Saturn (Saturnus) was a Roman god with a similar history to Cronus from Greek mythology. Often depicted in art wielding a scythe he was considered an agricultural god, especially associated with seed-corn. The Saturnalia festival, named after him, was one of the most important and lively events in the Roman calendar and the god also had a major temple dedicated to him in the Roman Forum of Rome.
Greek and Roman mythology are interwoven, and to many, they appear to be one and the same. While the names of the gods and goddesses may be different - Zeus morphed into Jupiter while Hades became Pluto - their diverse roles and positions in society are fairly consistent. From the time the Romans first made contact with the Greeks, their society would never be the same, becoming Hellenized, albeit reluctantly. The Romans admired all that was Greek. The wealthiest and most powerful families of Rome would even hire Greek tutors for their male children. The Republic’s (and later Roman Empire’s) literature, art, philosophy and foremost, religion would be changed forever. One of the best and earliest examples of this religious transformation would revolve around an outcast - a god driven out of Greece but finding a home on the hills of Rome. His name was Saturn.
Some authors believe Saturn existed in Roman mythology long before the “invasion” of Greek religion and associate him with the Etruscan god Satre; however, whether this is true or not is entirely speculative. As the Greek religion became more Romanized, Saturn or Saturnus, often pictured holding a scythe, became more closely associated with the Greek god Cronus, the lord of the universe and the god who devoured his own children. He was son of Uranus (sky) and Gaea (earth). After Zeus and his brothers (Poseidon and Hades) became victorious over the Titans, Saturn was expelled from the home of the Greek gods, Mt. Olympus.
Saturn & Latium
According to legend, Saturn settled in Latium on the future site of Rome. His arrival was welcomed by the Roman god Janus, the two-faced deity, the god of the beginnings and ends. Saturn quickly established himself there, even founding the nearby city of Saturnia. According to ancient myth, Saturn ruled Latium wisely during its golden age, a time of great prosperity and peace. It was during this time that he became more closely associated with agriculture (as a god of seed-corn) - hence the reason for his typical depiction in art holding a scythe. He instructed the people on the basic principles of farming and viticulture (the production of grapes). He also helped the locals to rid themselves of their “barbaric” customs and instead adopted a more civic and moral lifestyle.
While historians argue over the origins of Saturn and his role in Roman mythology, his place in Roman history is remembered for two items: his temple and his festival - the latter being one of the most anticipated festivals of the many on the Roman calendar. His temple, built around 498 BCE, was located at the foot of Capitoline Hill and housed the Roman treasury as well as the records and decrees of the Roman Senate. Falling into disrepair, it would be rebuilt during the reign of Emperor Augustus. His festival, the Saturnalia, was celebrated in December from the 17th to the 23rd and was connected to the winter grain sowing. (There are some who place the festival in August). Although Emperor Augustus reduced the length of the festival to three days - Caligula and Claudius later raised it to five - most people ignored the decrees and still celebrated it for the full seven days. As part of the calendar of Numa, the second king of Rome, the festival immediately preceded the festival of Ops, Saturn’s partner or consort and the goddess of the harvest - she became associated with the Greek goddess Rhea. Saturn was also linked to another ancient Italian deity, Lua.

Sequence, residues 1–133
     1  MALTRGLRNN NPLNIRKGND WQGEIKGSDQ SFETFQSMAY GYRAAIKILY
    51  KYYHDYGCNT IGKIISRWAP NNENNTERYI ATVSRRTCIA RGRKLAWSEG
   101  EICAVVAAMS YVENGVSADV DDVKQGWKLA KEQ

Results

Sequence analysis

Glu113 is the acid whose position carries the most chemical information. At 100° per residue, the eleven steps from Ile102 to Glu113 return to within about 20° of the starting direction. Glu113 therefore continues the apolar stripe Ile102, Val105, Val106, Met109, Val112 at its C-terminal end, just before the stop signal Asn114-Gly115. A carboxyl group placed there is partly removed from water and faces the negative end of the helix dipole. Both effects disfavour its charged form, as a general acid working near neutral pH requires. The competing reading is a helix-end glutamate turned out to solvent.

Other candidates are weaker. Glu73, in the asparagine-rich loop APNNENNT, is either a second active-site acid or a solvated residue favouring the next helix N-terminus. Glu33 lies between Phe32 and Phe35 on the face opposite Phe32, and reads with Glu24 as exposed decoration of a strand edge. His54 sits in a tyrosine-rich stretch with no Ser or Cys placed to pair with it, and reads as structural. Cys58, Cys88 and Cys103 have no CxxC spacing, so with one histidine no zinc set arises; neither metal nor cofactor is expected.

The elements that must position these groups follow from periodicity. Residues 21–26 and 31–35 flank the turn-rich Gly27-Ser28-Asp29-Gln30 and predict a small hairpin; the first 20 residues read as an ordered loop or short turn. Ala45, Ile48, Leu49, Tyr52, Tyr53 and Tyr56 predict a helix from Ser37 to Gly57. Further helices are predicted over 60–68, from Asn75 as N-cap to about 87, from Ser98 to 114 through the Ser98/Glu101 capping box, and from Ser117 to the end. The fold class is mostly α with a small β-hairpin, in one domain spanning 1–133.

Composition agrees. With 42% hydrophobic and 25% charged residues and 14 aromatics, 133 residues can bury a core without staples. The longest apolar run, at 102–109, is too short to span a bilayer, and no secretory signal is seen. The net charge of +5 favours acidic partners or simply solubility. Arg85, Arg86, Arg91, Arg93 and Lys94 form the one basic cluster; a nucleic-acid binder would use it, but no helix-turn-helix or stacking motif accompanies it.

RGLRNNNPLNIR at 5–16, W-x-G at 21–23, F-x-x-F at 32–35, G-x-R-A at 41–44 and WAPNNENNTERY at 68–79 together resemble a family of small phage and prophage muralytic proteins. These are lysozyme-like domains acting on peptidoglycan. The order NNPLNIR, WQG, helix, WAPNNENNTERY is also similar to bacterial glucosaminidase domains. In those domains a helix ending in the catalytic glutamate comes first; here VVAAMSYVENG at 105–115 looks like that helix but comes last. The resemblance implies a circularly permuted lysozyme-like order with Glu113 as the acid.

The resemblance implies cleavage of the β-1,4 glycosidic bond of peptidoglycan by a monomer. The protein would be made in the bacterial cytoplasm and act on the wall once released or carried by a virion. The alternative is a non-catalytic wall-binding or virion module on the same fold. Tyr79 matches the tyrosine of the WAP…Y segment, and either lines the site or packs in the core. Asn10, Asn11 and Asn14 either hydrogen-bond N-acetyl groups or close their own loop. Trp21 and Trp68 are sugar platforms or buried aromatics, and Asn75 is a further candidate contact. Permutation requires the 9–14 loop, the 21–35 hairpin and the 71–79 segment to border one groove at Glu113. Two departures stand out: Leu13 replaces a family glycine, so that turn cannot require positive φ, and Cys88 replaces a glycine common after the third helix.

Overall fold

The festival was like many others where time was spent eating, drinking, and gaming - there were plenty of games and banquets (Christian historians question whether or not there were gladiators and human sacrifice). Presiding over the festival was a mock king, the King of Misrule, or Saturnalicius princeps. Gifts were exchanged, usually candles or pottery figurines. However, during the week of celebration, slaves were awarded a unique opportunity. They were given a limited amount of freedom. For one, they did not have to wear the traditional felt hat or pilleus. Leisure attire was also permitted and, uniquely, the master and slaves reversed roles. Slaves gave orders to the masters, and masters waited on slaves. The festival would endure into the Christian era when it would assume a new identity and name - Brumalia.
Today the festivals and celebration are long gone and, like many of the other Greek and Roman deities, their names belong only on the pages of a dusty, old book. However, a few, like Saturn have achieved some sense of immortality. We remember Saturn in two ways, for one he ends our busy work week - Saturday. And, as we look to the sky, on occasion, we can see the sixth planet from the sun - Saturn.
About the Author
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- Hornblower, S., The Oxford Classical Dictionary (Oxford University Press, 2012).
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- Stapleton, M., Dictionary of Greek and Roman Mythology (Bell Publishing, 1978)
- Woolf, G. (ed), The Cambridge Illustrated History of the Roman World (Cambridge Illustrated Hist (Cambridge University Press, 2015).
Cite This Work
Chicago Style Citation
1. Donald L. Wasson, “Saturn,” Ancient History Encyclopedia, last modified October 16, 2015, http://www.ancient.eu /Saturn/.As Bibliography Entry:
Donald L. Wasson. “Saturn,” Ancient History Encyclopedia. Last modified October 16, 2015. http://www.ancient.eu /Saturn/.
c. 497 BCE